These cheeses are defined more by the way they are made than by the milk used. There are soft-paste cheeses that are left unpressed precisely so that the penicillium mold, which is what defines and characterizes them, can develop naturally in the gaps in the curds. The cheeses are first brushed with the mould then left in a cool, very damp atmosphere so that the mold can gradually penetrate, forming the characteristic blue veins.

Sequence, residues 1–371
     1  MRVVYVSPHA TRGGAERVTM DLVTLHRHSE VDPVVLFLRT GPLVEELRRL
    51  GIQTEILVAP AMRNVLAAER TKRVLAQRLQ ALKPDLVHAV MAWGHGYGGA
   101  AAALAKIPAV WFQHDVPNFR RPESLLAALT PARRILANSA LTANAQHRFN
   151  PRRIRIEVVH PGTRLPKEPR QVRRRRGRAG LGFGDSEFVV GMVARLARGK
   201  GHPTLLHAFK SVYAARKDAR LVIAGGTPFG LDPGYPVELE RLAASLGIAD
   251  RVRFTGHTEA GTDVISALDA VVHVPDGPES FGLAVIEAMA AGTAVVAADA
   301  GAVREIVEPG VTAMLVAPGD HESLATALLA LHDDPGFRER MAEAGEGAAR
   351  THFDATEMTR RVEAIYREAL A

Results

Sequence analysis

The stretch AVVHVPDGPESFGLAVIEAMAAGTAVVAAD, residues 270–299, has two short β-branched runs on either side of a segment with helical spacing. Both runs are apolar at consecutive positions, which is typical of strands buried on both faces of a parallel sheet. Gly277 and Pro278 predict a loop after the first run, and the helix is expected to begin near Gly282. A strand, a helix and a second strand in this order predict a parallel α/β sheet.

All Spanish blue cheese comes from the same geographical area in the Picos de Europa mountain range in north-central Spain or, more specifically in the triangle formed by the provinces of León, Asturias and Cantabria, a natural paradise for cheese-making. The many natural caves in which the cheese is stored while ripening offer ideal conditions for spontaneous generation of the mold. Some of these cheeses, such as the famous Cabrales, are the Spanish contribution to the top-ranking blue cheeses, standing alongside Roquefort, Gorgonzola and Stilton.